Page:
th, also materially outperforming stocks and bonds.
For Q3, numerous political risks dominated the headlines, including tax policy, spending bills and infrastructure deals. The contentious Congressional negotiations around raising the debt ceiling were the most impactful for the markets. A stop-gap solution has been reached, but it is very short term and will likely resurface as an issue again during Q4. There was also significant nervousness around the distress and expected default of Evergrande, the major property development and construction company in China. Though a systemic “Lehman moment” has not materialized thus far, there is still real risk that Evergrande and related China policy tightening will trigger a slowdown and recession with global ripple effects.
Market Outlook and Q3 Summary
Overall Asset Allocation
We retain a general recommendation of a small overweight to equities, a larger underweight to bonds, and modestly overweight cash, with some of that cash reallocated into gold and diversified commodities.
The biggest issue facing the market is how the inflation picture plays out. Inflation is not automatically a dire problem, and in fact, has been held down by the deflationary pressure of the advance of technology and globalization over recent decades. However, the current environment is experiencing hard asset shortages, supply chain bottlenecks and labor shortages above and beyond pre-COVID years.
A unique piece of the inflation puzzle is that much of the upward price pressure is arising from supply chain disruptions, materials shortages and labor shortages, which are not easily remedied with the traditional playbook of interest rate hikes. Rate increases are more for moderating excess demand or excess leveraged risk taking. In any case, the Federal Reserve will be hard pressed to resist its traditional tightening tools if inflation persists.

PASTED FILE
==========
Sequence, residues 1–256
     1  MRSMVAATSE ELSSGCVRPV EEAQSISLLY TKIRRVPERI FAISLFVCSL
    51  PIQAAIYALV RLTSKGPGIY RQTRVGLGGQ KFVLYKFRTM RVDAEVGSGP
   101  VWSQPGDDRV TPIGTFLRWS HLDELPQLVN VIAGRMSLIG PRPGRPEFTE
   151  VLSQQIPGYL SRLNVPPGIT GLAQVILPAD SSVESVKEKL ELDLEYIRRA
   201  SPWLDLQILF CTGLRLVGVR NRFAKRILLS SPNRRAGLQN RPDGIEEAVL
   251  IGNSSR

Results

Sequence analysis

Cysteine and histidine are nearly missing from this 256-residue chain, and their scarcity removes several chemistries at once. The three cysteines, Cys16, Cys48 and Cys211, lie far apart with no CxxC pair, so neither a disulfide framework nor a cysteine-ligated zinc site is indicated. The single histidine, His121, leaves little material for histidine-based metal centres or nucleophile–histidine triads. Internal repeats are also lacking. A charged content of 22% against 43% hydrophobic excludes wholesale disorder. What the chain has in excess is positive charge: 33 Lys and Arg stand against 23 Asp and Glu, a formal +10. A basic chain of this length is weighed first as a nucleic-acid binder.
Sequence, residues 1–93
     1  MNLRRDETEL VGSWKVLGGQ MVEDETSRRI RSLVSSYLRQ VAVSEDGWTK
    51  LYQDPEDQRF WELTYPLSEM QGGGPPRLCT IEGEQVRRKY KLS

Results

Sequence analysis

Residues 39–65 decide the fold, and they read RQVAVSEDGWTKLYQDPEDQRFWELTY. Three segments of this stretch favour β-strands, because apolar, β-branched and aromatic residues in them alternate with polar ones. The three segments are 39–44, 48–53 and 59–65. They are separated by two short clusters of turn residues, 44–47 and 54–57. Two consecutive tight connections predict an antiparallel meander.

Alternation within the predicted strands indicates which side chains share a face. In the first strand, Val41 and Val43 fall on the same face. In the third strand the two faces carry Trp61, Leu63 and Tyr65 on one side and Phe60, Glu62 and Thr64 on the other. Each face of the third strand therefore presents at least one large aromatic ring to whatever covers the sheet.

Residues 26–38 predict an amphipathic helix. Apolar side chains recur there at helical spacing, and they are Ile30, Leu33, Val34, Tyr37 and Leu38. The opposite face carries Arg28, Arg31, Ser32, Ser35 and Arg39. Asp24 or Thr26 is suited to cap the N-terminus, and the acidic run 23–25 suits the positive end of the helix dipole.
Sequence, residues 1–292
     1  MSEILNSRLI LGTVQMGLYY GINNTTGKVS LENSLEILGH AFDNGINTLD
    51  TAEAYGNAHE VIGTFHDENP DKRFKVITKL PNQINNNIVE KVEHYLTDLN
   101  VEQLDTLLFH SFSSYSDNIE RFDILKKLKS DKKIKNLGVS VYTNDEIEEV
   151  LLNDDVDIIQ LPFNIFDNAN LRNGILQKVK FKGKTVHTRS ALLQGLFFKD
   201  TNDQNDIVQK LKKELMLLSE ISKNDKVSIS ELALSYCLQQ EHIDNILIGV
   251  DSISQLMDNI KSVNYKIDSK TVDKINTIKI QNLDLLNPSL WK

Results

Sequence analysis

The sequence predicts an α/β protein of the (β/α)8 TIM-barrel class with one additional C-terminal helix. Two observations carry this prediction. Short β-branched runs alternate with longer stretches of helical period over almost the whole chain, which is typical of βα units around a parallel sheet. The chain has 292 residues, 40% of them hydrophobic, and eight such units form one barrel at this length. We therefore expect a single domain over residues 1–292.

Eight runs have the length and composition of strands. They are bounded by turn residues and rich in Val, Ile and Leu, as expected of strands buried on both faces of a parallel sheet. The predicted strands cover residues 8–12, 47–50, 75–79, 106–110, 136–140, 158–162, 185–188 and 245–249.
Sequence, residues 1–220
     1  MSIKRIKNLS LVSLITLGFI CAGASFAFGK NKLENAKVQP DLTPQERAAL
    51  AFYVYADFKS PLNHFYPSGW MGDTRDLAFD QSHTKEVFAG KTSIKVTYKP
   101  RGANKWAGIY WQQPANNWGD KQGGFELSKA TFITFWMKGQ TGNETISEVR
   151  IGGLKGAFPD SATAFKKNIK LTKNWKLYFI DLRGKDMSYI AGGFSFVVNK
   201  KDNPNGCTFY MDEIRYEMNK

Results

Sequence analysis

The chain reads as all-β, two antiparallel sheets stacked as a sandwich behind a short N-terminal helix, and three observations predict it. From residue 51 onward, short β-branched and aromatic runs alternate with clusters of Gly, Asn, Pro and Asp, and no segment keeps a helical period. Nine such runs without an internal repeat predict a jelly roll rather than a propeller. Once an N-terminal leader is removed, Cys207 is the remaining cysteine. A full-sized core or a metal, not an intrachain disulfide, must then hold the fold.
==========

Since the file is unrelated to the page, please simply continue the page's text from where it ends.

The equity market has benefited from the current excess liquidity and low-rate environment even more than the bond market. As a result, we think tapering of Federal Reserve bond purchases and rate hikes could eventually disrupt equity markets even more than the bond market. Further, on a secular basis, corporate profit margins (earnings) have benefited from cheap labor and cheap materials in ways that could also be ending. We are closely watching these factors for any softening in outlook that signals the US is moving to later (and less optimistic) phases of the business cycle and would require allocation changes.
Q3 was a bit of a round trip for the stock market. The quarter started on the upswing then retreated to finish nearly unchanged. International stocks lagged for Q3, returning -4%, with China’s -19% performance dragging down benchmarks. Year-to-date through September 30th still shows recovery of value and cyclical sectors relative to the technology sector’s dominance of trailing 3- and 5-year performance. As a result, the S&P 500 was up 16% versus Nasdaq up 13% for the year as of September 30th.
The dispersion across industry sectors has been quite pronounced so far this year with the energy sector being the top performer at +43% and utilities in last place at +4%. Technology remains strong yet is now more modestly in the middle of the pack at +15%. The financial sector has also enjoyed some revival at +29%.